Researchers and students interested in tackling a specific problem should sign up to the mailing list (Google Group) associated with the problem or get in touch through. The link can be found next to the problem description. We also have a AI•ON gitter chat. Anyone is free to join. Teams are meant to be self-organized and self-supervised, with only occasional lightweight mentorship from senior researchers.
The entire research process takes place in the open, with communications happening via either a Google group or a Gitter channel. Code is exchanged via public git repositories on GitHub or Gitlab. The repositories are created and managed by team members.
The research process takes place in the open, which is already a form of publication and result-sharing. However some results may be organized into research papers to be submitted to Arxiv and research conferences. Authors lists and credit attribution is expected to be handled by team members, with conflicts escalated to third-party arbiters. Every person who made a contribution, internal or external to the team, should be getting appropriate and commensurate recognition for the value they provided. In particular, senior researchers who submitted the problem that is the topic of the publication and who provided mentorship throughout the research process should have a reasonable expectation of co-authorship. AI•ON itself should also be acknowledged in some form in all publications (e.g. under the "acknowledgments" section).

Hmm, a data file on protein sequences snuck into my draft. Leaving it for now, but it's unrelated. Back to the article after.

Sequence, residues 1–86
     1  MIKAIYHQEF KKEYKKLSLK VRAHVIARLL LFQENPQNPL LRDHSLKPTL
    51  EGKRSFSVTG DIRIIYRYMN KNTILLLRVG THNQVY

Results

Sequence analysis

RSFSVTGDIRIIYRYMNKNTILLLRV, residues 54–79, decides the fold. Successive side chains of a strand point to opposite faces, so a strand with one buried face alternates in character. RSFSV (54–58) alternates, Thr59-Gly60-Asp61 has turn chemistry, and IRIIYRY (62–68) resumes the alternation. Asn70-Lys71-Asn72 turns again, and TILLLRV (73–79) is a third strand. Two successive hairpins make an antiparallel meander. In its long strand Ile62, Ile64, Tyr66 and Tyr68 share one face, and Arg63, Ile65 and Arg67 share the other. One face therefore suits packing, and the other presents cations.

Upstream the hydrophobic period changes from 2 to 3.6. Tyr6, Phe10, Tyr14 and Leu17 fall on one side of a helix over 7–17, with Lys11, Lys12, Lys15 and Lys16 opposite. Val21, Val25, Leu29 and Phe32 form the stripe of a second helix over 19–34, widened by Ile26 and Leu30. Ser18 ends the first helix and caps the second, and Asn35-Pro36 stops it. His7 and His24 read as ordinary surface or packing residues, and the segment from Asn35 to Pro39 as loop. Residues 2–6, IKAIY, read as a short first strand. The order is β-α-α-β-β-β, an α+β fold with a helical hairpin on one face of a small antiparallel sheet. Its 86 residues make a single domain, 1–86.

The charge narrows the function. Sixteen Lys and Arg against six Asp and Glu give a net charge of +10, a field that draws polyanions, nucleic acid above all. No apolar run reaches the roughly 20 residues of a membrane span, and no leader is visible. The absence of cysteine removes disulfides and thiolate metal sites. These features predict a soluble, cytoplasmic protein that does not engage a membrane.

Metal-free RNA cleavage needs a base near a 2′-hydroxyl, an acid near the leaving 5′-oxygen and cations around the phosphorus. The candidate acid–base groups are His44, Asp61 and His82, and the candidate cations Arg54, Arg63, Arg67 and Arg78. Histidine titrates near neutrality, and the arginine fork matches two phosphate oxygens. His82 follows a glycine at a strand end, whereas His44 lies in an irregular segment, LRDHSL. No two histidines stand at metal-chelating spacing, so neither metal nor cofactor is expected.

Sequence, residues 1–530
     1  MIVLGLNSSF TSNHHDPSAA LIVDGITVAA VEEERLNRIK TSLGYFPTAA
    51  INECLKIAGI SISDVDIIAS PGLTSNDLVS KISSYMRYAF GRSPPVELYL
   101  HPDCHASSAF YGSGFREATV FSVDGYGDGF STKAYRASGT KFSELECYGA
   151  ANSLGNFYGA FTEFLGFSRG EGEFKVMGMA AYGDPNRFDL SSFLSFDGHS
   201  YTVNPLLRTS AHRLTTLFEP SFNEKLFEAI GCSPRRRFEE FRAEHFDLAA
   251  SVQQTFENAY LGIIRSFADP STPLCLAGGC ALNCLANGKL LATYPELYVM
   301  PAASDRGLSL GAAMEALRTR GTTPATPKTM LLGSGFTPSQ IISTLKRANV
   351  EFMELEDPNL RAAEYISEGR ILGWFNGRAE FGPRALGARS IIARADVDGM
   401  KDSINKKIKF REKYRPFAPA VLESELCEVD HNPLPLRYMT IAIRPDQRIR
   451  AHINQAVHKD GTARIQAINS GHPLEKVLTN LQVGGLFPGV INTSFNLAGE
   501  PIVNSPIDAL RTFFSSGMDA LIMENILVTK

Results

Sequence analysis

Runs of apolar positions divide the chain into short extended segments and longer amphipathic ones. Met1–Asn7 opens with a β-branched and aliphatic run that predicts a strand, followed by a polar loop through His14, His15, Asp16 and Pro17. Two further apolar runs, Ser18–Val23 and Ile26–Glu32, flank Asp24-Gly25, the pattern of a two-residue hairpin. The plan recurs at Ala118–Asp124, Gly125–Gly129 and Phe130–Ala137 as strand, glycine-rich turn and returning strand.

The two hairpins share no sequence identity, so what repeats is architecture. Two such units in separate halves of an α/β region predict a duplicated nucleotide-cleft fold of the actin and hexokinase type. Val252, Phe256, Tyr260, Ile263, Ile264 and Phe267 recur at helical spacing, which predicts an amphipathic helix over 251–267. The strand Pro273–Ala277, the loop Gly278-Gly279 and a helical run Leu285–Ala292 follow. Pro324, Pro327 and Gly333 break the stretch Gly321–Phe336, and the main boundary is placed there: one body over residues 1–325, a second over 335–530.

Openness is our core value, and an organization can only be open if power within it is transparently distributed to many individuals.
However, having access to a third-party authority is still necessary to quickly resolve any conflict that may arise.
AI•ON maintains a list of arbiters that may be contacted in case of issue.
The list is as follow (note that it will grow as AI•ON matures):
The fact that the research process of every AI•ON project gets publicly documented, from ideation to open-source code deliverables, may raise concerns about having ideas or code taken from AI•ON by unscrupulous parties and published as their own. This is both inevitable and utterly unimportant. Inevitable because such events always occur no matter where results come from and how they get published. Unimportant because it has ultimately no long-term consequences. The fact that the research process of AI•ON is fully public and continuously timestamped by neutral third-parties (Google, GitHub, etc.) makes it possible to easily prove where specific results originated.